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How Alice went from problems with Interpol to the life of her dreams

·4-min read
Alice Crawley waves while on stage wearing yellow dress, smiling.
Alice Crawley turned her life around. Here's how. (Images: Getty).

Read part two to find out how Alice Crawley kicked her debt and tripled her salary to $150,000.

One morning in 2004, Alice Crawley found herself sitting on Sydney’s Coogee Beach contemplating her circumstances.

Her phone history would have shown calls from Interpol and creditors in Australia and Canada, while her bank balance would have shown a nauseating $185,000 credit card debt.

Physically, she was battling a horrendous drug-fuelled hangover, and mentally she was on an elevator that was only going down.

Jaz's story:

As it often goes, externally her life looked great. She had expensive clothes, lavish holidays and extravagant spa treatments.

But, sitting on that beach, Crawley realised something: enough was enough, and she needed help.

Hello, Mr Actuary

Alice Crawley in black and white photo smiling at camera.
Alice Crawley today is a successful transformations coach. (Image: Supplied).

Seventeen years later, the author, speaker and transformations leader Crawley is at the top of her career, happily married, debt-free and completely clean.

This, she attributes to two things.

The first, herself. Kicking that much debt and obliterating self-destructive behaviours requires an enormous amount of personal work.

Sam's story:

The second, a six foot six actuary she met during a few drinks at Ryan’s Bar in Sydney one afternoon in the early 2000s.

“[Martin] was hard to miss,” Crawley told Yahoo Finance.

“We started chatting and we had this great conversation. I found him absolutely fascinating and I loved that he had this great sense of humour.”

That was what got her attention - an actuary with a sense of humour. She was stunned out of her “death by a million spreadsheets” perception.

It didn’t take long for her to fall in love with this tall, funny, musical actuary. Ultimately, this man who was to become her husband is the person she credits with saving her life.

Mr Actuary - as she calls him - saw her, and he didn’t turn away. She’d expected him to clean up her finances for her, but the opposite happened.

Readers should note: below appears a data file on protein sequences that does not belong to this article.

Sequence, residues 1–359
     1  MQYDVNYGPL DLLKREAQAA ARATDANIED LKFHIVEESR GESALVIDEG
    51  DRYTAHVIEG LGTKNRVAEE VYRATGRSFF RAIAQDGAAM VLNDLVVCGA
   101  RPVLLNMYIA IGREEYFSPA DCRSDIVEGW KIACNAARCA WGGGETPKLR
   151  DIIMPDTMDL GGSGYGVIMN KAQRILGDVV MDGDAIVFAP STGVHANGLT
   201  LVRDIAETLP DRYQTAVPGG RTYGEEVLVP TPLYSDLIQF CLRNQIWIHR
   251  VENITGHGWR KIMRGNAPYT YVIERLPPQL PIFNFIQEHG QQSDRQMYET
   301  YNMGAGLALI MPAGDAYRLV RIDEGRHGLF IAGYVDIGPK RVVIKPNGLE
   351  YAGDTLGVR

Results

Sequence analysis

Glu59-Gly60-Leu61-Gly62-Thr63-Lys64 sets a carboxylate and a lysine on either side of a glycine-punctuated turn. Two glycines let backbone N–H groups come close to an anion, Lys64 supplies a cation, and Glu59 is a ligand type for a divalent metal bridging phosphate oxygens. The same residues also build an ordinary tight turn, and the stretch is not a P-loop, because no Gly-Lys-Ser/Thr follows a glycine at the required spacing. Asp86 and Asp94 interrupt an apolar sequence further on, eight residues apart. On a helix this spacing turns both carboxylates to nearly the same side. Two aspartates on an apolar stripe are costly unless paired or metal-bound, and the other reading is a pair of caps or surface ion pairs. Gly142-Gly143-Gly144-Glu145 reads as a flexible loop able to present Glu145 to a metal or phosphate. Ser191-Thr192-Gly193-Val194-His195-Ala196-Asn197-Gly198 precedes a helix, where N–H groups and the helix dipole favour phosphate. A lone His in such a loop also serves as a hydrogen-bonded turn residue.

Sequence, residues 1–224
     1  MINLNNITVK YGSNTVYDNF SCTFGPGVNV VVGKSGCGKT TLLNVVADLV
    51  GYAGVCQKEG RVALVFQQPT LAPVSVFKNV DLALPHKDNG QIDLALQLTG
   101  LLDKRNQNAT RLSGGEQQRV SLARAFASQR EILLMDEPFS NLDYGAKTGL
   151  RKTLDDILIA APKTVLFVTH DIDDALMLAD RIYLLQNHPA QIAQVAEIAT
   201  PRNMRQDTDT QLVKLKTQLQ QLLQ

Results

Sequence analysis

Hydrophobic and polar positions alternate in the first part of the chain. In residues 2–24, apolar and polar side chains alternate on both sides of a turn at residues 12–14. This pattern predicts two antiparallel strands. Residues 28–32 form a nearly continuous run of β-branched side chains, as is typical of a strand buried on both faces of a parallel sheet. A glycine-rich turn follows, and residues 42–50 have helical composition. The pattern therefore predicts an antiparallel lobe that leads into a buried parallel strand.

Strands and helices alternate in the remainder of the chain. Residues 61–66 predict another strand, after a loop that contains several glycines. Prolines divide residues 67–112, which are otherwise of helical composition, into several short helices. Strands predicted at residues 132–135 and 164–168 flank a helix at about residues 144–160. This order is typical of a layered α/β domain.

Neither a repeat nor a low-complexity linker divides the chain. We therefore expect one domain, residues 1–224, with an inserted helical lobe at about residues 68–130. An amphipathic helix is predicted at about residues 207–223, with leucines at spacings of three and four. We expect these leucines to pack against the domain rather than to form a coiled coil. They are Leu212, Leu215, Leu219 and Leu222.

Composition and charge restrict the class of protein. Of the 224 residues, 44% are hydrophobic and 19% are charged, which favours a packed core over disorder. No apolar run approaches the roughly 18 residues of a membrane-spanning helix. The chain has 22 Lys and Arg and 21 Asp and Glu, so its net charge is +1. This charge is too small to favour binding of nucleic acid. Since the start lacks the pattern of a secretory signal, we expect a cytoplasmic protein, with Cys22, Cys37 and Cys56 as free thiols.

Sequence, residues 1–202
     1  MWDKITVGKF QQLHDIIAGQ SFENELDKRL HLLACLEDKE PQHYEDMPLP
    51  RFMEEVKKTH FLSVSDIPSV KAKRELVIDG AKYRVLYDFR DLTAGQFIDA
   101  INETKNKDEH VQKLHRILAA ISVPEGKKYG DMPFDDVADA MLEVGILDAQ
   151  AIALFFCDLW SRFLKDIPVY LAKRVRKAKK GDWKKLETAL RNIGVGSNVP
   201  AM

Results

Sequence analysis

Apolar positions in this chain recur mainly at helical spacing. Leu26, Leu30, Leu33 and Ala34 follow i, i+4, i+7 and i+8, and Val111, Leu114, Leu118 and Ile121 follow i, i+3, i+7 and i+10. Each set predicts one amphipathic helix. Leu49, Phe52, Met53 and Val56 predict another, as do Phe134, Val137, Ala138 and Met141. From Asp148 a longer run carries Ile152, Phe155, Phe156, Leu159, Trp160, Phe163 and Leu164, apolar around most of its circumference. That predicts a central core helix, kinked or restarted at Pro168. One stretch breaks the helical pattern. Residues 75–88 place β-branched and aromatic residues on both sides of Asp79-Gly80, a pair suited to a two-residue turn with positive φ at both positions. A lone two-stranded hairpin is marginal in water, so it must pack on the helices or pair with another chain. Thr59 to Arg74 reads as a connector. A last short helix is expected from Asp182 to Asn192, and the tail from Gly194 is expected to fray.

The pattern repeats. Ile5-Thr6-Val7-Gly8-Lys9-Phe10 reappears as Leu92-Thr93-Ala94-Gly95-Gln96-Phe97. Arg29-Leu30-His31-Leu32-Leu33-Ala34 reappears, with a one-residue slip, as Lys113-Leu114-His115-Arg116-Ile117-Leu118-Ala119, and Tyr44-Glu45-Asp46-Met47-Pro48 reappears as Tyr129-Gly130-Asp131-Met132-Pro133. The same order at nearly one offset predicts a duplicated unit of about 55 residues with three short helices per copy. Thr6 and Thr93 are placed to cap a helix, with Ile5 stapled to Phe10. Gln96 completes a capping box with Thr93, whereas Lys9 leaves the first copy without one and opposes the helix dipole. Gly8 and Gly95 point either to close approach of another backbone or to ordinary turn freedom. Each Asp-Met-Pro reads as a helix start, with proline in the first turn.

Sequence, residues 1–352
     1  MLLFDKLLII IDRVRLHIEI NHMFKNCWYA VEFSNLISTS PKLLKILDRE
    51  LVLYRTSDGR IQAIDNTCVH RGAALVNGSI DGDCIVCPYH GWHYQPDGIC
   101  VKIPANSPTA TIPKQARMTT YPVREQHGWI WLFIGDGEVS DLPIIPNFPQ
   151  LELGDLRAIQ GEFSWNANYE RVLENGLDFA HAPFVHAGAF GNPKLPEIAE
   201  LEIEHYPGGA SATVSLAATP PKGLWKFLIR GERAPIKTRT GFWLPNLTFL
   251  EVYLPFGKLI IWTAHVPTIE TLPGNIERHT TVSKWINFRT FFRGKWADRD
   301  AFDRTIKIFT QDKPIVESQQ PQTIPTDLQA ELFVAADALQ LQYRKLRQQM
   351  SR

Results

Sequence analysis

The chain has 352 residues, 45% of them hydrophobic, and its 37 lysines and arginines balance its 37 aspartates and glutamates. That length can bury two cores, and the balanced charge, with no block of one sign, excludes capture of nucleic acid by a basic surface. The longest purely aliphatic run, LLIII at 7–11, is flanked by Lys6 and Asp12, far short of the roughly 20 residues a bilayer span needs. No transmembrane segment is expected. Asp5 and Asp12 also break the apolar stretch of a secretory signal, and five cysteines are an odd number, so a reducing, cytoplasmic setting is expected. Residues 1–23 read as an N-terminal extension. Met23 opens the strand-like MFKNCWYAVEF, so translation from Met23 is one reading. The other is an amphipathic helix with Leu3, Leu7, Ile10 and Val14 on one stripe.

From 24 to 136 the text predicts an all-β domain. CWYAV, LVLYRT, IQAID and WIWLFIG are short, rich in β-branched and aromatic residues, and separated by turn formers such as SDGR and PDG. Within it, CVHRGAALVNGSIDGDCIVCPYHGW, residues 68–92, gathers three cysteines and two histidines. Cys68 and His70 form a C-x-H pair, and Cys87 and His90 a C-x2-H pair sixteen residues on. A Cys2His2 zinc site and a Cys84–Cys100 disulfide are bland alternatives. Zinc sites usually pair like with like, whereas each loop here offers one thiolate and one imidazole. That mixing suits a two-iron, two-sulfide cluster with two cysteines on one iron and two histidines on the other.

Briony's story:

When he came to understand the depth of her financial stress, his words weren’t of comfort but of truth, Crawley said.

“I won’t go that low,” he told her. “So you need to come up and meet me here. And I’ll walk the journey with you, but I’m not going to bail you out.”

As Crawley said, he expected more from her than she expected from herself, and it was what it took for her to get the help she needed.

“He was integrity with a capital ‘I’.”

He was unable to be manipulated or fooled. He saw everything, so Crawley went to rehab.

‘You’ll be dead in six months’

Crawley checked into rehab twice to stop the drugs and to stop the drinking.

She’d had overdoses all over the world and nearly died more than once. The thing was, she said, she came from “a long line of fully functioning, seasoned alcoholics”.

She was on speed, sleeping pills, tranquilisers, and would polish off a bottle of valium in the space of a week. It was a $10,000 a month habit.

She rattled off her story to the intake doctor with ease - the product of “tonnes of therapy”.

Cathy's story:

The doctor took off his glasses and looked her dead in the eyes, Crawley remembers.

“You realise you have a serious f**king problem, don’t you?” he asked.

“You talk a really good game, Alice. But I’m sorry, I need to get your attention: the concoction you’re on? You’re going to be dead in six months.”

It was the beginning of a major mindset change for Crawley. Through rehab and therapy she came to understand that she had been self-medicating bipolar and ADHD through drugs and alcohol, and when that didn’t work, she was turning to compulsive spending.

At the heart of it was a fundamental lack of self esteem, she added, and that was the biggest problem she had to unpick.

“Ultimately, that journey into rehab [was where] I started to really get an insight around how deep the addictions ran. It wasn’t a surface issue at all, it was about how I felt about myself and past pain and trauma,” she said.

“There was a lot of healing that needed to happen.”

Crawley emerged from rehab, but there was still hundreds of thousands of dollars of work to do.

Read part two to find out how Alice Crawley kicked her debt and tripled her salary to $150,000.

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